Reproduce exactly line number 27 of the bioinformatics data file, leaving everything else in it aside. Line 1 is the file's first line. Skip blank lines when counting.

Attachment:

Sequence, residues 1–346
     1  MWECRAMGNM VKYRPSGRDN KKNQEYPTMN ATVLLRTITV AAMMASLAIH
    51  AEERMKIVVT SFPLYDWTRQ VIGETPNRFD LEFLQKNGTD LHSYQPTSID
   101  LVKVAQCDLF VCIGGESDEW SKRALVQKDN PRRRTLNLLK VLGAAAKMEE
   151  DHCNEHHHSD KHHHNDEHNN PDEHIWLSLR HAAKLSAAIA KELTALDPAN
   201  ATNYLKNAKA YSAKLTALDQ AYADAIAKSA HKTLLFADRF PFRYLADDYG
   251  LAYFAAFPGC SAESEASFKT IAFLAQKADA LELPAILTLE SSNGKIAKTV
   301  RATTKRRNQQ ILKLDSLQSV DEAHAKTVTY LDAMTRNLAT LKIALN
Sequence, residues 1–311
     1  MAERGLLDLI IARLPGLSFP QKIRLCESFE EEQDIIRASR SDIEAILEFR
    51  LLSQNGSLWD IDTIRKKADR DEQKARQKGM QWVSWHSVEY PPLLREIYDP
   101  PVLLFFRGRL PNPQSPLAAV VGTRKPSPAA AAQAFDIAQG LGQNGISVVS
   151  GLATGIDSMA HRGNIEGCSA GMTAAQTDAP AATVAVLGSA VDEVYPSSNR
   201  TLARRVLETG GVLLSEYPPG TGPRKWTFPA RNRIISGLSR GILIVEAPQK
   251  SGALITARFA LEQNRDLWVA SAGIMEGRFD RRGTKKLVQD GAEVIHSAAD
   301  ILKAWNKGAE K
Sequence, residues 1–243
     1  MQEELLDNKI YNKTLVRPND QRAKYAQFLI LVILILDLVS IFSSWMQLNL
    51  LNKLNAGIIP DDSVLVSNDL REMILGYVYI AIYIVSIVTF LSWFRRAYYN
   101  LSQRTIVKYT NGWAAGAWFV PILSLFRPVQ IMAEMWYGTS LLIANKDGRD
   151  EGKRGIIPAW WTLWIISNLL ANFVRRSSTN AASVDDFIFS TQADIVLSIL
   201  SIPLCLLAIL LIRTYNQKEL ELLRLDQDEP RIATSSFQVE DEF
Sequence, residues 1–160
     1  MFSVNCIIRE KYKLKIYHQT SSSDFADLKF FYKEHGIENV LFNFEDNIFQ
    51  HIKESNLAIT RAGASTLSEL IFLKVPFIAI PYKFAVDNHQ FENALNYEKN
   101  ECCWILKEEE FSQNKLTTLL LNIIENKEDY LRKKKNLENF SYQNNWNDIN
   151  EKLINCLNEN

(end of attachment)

   151  EKLINCLNEN